Abstract: The distance between any two grid points in a grid is defined by a distance function. In this project, weighted distances have been considered for many years. A generalization of the weighted distances is obtained by using both weights and a neighborhood sequence to define the distance function.

The neighborhood sequence allows the size of the neighborhood to vary along the paths. A manuscript on distance functions based on multiple types of weighted steps combined with neighborhood sequences has been produced in collaboration with Strand, Nagy and Normand. The manuscript holds (mainly theoretical) results on for example metricity and optimal parameters. The figure below illustrates the shapes of disks with different number of weights, when the optimization criterion is roundness in the Euclidean sense.



The Minimum Barrier Distance

Robin Strand, Filip Malmberg

Partner: Punam K. Saha, Dept. of Electrical and Computer Engineering and Dept. of Radiology, University of Iowa, IA, USA; Krzysztof C. Ciesielski, Dept. of Mathematics, West Virginia University, Morgantown,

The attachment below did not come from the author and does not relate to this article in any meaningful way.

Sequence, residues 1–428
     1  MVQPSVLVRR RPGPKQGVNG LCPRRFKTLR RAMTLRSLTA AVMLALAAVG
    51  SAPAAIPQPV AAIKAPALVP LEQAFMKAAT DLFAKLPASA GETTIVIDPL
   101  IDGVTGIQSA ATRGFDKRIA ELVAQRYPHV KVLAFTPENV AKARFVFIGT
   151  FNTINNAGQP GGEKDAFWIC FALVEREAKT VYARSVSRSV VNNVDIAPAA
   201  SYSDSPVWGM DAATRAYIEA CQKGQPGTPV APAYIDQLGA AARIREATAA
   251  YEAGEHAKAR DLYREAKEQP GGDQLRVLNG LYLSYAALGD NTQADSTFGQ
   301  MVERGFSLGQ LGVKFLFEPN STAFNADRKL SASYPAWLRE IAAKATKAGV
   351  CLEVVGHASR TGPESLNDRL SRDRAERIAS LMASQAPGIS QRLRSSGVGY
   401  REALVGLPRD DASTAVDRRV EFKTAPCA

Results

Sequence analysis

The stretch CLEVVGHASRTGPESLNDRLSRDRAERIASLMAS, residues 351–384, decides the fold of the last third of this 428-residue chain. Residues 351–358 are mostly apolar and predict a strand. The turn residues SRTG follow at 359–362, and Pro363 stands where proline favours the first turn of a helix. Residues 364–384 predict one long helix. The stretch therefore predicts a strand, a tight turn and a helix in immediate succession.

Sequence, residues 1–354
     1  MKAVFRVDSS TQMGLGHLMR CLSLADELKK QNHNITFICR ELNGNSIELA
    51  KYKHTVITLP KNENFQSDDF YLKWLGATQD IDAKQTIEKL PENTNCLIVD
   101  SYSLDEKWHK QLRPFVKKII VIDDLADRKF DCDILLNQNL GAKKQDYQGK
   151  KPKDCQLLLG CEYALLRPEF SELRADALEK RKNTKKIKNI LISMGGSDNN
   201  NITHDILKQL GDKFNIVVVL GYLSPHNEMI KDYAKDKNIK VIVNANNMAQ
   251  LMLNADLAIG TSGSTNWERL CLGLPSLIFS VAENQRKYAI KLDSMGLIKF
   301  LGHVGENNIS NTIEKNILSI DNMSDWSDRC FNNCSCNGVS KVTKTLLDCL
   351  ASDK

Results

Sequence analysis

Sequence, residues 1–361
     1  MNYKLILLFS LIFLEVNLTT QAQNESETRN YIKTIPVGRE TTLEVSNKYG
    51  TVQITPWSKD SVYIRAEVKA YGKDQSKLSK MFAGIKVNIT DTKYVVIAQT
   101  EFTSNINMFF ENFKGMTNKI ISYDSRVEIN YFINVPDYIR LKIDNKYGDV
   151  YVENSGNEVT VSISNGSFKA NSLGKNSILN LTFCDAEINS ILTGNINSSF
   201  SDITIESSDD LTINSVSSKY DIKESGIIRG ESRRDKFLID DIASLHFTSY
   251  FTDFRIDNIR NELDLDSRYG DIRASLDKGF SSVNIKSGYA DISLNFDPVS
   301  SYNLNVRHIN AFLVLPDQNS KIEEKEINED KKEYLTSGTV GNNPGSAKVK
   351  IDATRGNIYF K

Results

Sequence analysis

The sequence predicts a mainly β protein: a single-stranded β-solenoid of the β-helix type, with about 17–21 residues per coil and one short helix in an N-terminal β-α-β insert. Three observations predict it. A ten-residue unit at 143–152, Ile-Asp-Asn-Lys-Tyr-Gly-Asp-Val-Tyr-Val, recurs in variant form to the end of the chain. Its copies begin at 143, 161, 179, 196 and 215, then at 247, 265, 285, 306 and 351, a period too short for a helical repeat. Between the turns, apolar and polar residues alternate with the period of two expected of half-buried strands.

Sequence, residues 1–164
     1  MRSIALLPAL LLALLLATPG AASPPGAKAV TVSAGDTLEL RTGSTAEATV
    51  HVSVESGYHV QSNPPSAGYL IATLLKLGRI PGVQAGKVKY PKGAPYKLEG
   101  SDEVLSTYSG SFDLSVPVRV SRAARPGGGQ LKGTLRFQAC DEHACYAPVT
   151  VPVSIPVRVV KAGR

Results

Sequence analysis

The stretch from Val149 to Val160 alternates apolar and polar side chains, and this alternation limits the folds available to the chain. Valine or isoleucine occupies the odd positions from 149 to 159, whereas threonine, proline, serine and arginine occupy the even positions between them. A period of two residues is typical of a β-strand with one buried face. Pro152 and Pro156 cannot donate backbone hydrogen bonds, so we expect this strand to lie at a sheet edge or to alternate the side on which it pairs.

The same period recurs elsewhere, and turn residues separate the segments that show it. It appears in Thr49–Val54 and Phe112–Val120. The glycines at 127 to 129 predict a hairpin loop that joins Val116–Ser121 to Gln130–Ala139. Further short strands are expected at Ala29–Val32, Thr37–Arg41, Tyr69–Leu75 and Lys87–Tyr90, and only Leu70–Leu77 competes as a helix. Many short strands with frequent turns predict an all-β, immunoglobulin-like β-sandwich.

WV, USA; Dept. of Radiology, MIPG, University of Pennsylvania, PA, USA; Stan Sclaroff, Dept. of Computer

Science, Boston University, USA; Jianming Zhang, Adobe Research, San Jose, USA

Funding: TN-Faculty, UU

Period: 20110300–

Abstract: This project studies the minimum barrier distance (MBD), given by the difference between the maximum and minimum values that has to be passed to go from one point to another. Theoretical properties as well as efficient computational solutions for the MBD have been developed. During 2017, two papers related to the BMD were presented at the international conference on Discrete Geometry for Computer Imagery in Vienna. The first paper presented a summary and overview of previous research in this area. The second paper introduced a related distance function, the Boolean Map Distance (BMD). During the year, Filip Malmberg also visited Stan Sclaroff in Boston, to collaborate on further development of the BMD.